I’m sure that has something to do with it. It really just came from gravitating in that direction that I find fish to be more compelling of a medium. Maybe that’s just because it’s such a different environment from land animals. There’s a tremendous amount more variation in cooking seafood, at least in my humble opinion. It’s really due to the lack of gravity when you come down to it that most animals are buoyant in the ocean. It creates a lot more diversity as far as the type of animal that lives in that medium as opposed to things subject to the same gravity on the land. If you can butcher and cook a piece of beef, you can do the same thing with lamb and pork because it’s all the same relative anatomy via evolutionary gain that we’ve all adapted to the same surface pressure and the same gravity. If you can cut a chicken, you can cut a duck; you can cut a poulard. While there are similar families in the ocean environment, there’s a tremendous amount of diversity as far as animal life. Hence I find that more interesting as a medium for cooking.
What do you think makes a successful restaurant?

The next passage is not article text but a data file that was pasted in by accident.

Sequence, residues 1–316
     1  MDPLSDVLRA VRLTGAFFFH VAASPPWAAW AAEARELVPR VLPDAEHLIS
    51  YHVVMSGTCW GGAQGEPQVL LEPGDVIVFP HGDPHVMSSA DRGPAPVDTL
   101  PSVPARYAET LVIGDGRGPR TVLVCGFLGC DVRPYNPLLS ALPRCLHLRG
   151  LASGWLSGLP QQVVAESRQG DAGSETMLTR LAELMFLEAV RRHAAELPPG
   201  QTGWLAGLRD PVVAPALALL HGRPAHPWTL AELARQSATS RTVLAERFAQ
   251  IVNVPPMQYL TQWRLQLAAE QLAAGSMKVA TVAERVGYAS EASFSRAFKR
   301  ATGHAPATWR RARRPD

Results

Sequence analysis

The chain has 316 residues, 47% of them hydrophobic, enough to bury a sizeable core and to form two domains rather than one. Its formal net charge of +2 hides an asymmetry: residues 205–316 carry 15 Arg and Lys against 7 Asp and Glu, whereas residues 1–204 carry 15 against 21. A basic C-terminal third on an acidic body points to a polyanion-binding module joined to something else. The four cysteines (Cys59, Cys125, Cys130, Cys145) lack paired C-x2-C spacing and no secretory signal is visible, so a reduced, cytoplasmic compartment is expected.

Consistency and attention to detail. It’s not about me dreaming up fantastic dishes. It’s about the executions on a day-to-day basis. I try to spend as much time as humanly possible in [L2O], in the kitchen, being the chef at this restaurant. Day-to-day service is very important to me. When you start getting too highbrow about it and start losing sight of that obligation, I think that’s when quality really suffers. It’s about day-to-day consistency and constant reinforcement of those standards.
What are the best things to do in Chicago?
I think that there are some shockingly world-class museums. I absolutely love the Art Institute [of Chicago]. The Renaissance and Impressionism wing alone is pretty breathtaking — a lot of [Édouard] Manets. I really enjoy just hanging around there. I live in the Lincoln Park area and that puts my right by this amazing park system. Just sitting around on the lake is pretty special. It makes us pretty unique as far as the city is concerned. Being out on Lake Shore Drive and the bike path — it’s surprising how outdoorsy it can be in a city as big as this.
Photo Courtesy of Matthew Kirkley